00:35:57 -- and then I will show you a comparison between two groups.
00:36:01 -- [ Pause ]
00:36:15 -- Now, I'm not gonna talk about each region mentioned here but these images show
00:36:21 -- where people activated in a real word condition more than pseudofont condition.
00:36:27 -- And the point here is that in deaf signers, they're recruiting some
00:36:33 -- of the various same areas that hearing nonsigners do, which is what we would expect.
00:36:39 -- But when we look at deaf signers, specifically --
00:36:42 -- [ Pause ]
00:36:55 -- We do see a lot of left hemisphere activation and a little bit on the right which seems
00:37:01 -- to contradict Neville's findings.
00:37:04 -- They found deaf people had activate --
00:37:07 -- deaf signers had activation in the right hemisphere and not the left.
00:37:12 -- Here it shows that deaf people are using some of these same regions as the hearing signers.
00:37:19 -- We wanted to create a more direct comparison
00:37:24 -- so that we could now compare the hearing signers and the deaf signers.
00:37:28 -- [ Pause ]
00:37:37 -- The blue areas are areas where the hearing signer showed more --
00:37:41 -- relatively more activation than the deaf signers.
00:37:46 -- Maps were taken from each group and then contrasted in a software program called MEDx.
00:37:52 -- In doing this comparison, we found two differences in the left hemisphere.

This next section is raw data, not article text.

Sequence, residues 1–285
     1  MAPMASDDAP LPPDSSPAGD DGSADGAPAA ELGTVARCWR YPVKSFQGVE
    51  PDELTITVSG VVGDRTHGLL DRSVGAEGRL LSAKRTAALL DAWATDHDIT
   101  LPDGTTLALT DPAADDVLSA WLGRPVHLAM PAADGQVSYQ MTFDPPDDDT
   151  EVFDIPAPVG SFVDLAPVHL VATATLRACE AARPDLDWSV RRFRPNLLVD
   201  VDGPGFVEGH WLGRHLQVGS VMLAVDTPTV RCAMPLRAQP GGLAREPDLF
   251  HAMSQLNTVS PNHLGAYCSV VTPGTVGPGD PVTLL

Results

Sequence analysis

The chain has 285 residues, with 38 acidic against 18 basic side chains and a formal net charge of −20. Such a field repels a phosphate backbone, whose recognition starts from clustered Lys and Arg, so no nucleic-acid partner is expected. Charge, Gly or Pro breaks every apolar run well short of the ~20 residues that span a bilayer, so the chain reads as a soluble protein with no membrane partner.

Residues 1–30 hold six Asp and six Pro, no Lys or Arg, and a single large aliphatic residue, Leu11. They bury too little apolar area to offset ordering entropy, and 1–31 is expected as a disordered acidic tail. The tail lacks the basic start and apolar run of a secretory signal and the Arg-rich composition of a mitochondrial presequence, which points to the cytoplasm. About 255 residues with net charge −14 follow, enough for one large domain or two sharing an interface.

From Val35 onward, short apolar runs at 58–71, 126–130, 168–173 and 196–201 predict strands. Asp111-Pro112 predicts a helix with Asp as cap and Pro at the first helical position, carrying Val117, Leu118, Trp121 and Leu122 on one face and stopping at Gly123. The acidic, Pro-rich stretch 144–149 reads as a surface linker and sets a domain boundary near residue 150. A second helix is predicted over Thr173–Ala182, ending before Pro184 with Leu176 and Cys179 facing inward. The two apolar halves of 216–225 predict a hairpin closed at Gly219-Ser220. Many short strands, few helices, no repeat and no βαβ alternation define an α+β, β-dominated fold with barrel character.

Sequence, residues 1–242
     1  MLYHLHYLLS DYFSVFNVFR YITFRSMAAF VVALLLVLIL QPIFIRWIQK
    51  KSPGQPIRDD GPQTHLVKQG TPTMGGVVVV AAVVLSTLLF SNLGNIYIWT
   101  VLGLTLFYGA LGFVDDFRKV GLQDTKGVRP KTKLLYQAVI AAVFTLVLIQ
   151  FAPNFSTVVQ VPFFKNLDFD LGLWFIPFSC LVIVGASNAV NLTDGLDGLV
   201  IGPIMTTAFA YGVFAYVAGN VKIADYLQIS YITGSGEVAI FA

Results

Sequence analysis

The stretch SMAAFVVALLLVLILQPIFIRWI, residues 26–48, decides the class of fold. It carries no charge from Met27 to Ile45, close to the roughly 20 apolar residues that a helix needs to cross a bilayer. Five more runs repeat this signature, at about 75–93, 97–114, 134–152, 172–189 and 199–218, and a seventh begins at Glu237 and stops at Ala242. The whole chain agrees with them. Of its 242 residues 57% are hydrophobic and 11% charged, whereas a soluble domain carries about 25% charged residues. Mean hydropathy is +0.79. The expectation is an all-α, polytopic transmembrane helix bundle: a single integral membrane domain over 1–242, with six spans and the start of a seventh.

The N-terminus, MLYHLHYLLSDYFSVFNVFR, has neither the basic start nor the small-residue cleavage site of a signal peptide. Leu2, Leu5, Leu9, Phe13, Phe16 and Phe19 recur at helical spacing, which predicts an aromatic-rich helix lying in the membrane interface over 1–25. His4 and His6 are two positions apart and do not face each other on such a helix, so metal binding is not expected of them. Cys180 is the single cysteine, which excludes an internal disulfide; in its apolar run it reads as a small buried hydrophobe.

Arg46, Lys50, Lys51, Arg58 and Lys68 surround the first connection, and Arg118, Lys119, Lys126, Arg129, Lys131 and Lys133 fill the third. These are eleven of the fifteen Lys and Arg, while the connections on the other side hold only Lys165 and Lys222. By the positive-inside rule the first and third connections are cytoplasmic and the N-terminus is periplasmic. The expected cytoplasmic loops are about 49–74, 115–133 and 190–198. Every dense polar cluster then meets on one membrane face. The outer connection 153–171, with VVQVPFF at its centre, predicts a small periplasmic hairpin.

00:38:01 -- We wanted to take a closer look at the specific regions and the activation pattern there within.
00:38:11 -- [ Pause ]
00:38:19 -- What we did was we looked at the real-word condition compared versus a fixed condition,
00:38:25 -- and then that comparison was done with the pseudofont versus fixed condition.
00:38:32 -- First, we wanted to make sure that we were identifying regions
00:38:39 -- that showed significant difference
00:38:42 -- in the real-word condition versus the pseudofont condition.
00:38:45 -- And if there was a significant difference within looked across groups to see
00:38:54 -- if there was a significant difference.
00:38:56 -- In the left inferior parietal lobule, it's significantly more active in the hearing signers
00:39:02 -- than the deaf signers, and not only there, but here, in the left inferofrontal gyrus.
00:39:14 -- It seems to support our predictions that deaf people aren't relying very much
00:39:22 -- on a phonological system as much as hearing signers.
00:39:26 -- [ Pause ]
00:39:39 -- Which seems to be more active in the hearing signers